Chinese authorities have sharply elevated the status of what they portray as the terrorist threat stemming from the Uyghur separatist movement in Xinjiang.
Zhao Yongshen, a senior regional security official, described Uyghur separatists in early January as the "main terrorism threat facing China" now and in the future.
Zhao's comments coincide with reports in the official media linking the East Turkestan Islamic Movement (STIH) with Al-Qaeda fighters across the border in Afghanistan and Pakistan.
China's Foreign Ministry said authorities have evidence that East Turkestan groups are forging links with international terror groups. Ministry spokesman Liu Jianchao sought to link the drive against Uyghur separatists to the international war on terror.
"We think that cracking down on international terrorist organizations, including East Turkestan terrorism, benefits China and the world as well," Liu said. "On this issue there should not be a double standard. We believe that no country in the world wishes to see another Al-Qaeda in China."
The heightened focus on Uyghurs comes just days after Chinese security forces staged the biggest known raid on what it said is a military training camp for the STIH in the village of Tashkoroo near the border with Tajikistan, killing 18 people and arresting 17 others.
In conjunction with this, Kyrgyzstan's border guard service said today that China informed both the Kyrgyz and Tajik governments that security has been increased along their borders with China.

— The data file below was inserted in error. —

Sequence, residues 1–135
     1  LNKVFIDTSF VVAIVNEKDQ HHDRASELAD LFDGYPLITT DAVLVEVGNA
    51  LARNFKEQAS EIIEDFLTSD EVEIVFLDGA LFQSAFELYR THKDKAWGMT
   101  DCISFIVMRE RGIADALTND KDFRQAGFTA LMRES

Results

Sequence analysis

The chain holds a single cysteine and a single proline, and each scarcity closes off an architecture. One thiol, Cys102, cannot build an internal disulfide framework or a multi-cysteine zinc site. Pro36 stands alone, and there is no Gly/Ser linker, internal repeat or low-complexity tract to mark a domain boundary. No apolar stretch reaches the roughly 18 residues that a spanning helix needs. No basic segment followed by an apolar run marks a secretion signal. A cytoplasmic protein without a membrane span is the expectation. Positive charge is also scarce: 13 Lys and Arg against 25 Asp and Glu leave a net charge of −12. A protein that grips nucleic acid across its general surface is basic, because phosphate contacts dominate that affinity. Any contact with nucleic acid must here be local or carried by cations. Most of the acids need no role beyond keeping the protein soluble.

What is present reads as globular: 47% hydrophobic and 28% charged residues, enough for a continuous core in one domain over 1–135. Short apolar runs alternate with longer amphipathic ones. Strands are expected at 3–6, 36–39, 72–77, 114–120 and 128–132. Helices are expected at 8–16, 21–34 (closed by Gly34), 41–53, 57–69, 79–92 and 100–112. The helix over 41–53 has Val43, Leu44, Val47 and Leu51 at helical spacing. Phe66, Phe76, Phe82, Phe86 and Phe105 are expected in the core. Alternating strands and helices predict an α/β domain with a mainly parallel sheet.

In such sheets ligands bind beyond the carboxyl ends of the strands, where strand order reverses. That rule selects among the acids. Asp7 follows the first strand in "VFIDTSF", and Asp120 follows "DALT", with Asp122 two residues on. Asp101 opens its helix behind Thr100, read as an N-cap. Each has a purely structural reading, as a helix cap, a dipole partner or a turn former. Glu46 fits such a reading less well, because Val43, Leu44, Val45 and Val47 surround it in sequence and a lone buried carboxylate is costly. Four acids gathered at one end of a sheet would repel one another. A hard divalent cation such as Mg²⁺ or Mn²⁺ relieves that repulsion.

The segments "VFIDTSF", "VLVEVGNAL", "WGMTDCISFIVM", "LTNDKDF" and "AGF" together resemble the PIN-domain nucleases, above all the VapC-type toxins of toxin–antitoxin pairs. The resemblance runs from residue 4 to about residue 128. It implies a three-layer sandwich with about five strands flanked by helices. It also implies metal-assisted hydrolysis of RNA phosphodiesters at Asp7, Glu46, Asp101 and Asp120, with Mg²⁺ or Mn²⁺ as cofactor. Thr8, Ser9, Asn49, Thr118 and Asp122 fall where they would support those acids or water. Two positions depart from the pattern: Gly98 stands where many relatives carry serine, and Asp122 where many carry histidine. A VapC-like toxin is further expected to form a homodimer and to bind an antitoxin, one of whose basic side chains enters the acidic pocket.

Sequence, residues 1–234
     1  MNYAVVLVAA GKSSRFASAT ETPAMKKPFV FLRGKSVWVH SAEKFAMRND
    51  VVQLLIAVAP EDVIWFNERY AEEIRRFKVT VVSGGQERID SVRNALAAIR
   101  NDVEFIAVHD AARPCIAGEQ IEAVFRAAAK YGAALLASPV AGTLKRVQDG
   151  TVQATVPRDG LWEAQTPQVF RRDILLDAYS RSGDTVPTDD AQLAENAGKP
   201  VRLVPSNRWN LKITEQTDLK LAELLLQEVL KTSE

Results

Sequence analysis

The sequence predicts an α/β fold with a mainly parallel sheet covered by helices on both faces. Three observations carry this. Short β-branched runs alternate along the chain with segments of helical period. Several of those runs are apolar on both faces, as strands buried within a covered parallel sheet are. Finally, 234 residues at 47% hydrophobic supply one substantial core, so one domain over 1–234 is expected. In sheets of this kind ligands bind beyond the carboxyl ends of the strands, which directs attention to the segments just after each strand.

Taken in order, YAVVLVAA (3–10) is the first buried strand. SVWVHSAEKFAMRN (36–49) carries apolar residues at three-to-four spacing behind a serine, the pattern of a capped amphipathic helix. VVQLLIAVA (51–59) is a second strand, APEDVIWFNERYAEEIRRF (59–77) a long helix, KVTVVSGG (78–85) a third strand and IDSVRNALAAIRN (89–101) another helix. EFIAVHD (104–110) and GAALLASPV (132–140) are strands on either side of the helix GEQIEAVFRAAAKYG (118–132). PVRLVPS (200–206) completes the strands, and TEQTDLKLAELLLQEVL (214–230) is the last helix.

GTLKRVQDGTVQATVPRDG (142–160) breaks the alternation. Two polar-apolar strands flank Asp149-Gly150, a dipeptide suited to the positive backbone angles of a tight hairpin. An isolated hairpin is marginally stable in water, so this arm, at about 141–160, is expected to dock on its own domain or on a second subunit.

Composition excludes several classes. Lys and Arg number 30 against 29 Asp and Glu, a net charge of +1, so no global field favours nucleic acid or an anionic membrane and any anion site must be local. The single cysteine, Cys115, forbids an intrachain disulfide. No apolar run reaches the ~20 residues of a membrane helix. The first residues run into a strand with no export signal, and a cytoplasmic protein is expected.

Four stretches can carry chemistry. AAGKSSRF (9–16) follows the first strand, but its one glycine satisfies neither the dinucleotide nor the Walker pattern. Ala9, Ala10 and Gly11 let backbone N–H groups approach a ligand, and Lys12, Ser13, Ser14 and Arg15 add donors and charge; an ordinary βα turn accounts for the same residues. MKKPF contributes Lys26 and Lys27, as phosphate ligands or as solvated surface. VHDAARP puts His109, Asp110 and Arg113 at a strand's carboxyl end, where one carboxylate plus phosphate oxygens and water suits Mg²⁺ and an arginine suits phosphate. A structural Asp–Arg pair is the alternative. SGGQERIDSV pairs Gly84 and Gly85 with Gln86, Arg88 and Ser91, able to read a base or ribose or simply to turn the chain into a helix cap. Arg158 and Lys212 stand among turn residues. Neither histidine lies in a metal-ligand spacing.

The deputy chief of Kyrgyzstan's border guards, General Sadyrbek Dubanaev, gave some details of the decision.
"After the announcement of the special operation by the Chinese side, we briefed everyone [security authorities on the Kyrgyz side] and then Kyrgyzstan and China decided to increase security along the border," Dubanaev said.
But mainstream Uyghur rights activists question the accuracy of the Chinese version of events at Tashkoroo.
Dolkun Isa, a spokesman for the World Uyghur Congress, expressed doubt to RFE/RL that the camp in the remote Pamir Mountains is really a military facility. He said Beijing describes all Uyghur activism as extremism.
"China's government always accuses Uyghurs of terrorist activities, it has never recognized the Uyghurs' peaceful and democratic activities," Isa said.
Isa said the alleged military camp may have been something quite different.
"I believe they were not terrorists, but possibly refugees fleeing across the mountains in an effort to reach safety in a neighboring country," Isa said.
He called for the United Nations or the European Union to hold an independent enquiry into what actually happened. Only then would the truth be known, he said.
In Washington, World Uyghur Congress Chairman Alim Seytoff said that the Chinese may have "artificially created" the incident in an attempt to prove the existence of a terrorist threat and thereby justify Chinese actions against Uyghurs.
The congress claims it has no links with the shadowy East Turkestan Islamic Movement, which is believed to be a small group.
Soldiers conducting the first-ever SCO joint antiterrorism exercises, held in Kazakhstan in August 2003 (TASS)
NATO'S EVIL TWIN? At an August 3 briefing at RFE/RL's Washington,D.C., office, Central Asia experts Richard Weitz and Daniel Kimmage discussed the emergence of the Shanghai Cooperation Organization (SCO), a multilateral body that comprises Russia, China, Kazakhstan, Kyrgyzstan, Tajikistan, and Uzbekistan. In addition, Iran, Pakistan, Mongolia, and Afghanistan have observer status in the organization.
LISTENListen to the entire briefing (about 75 minutes):
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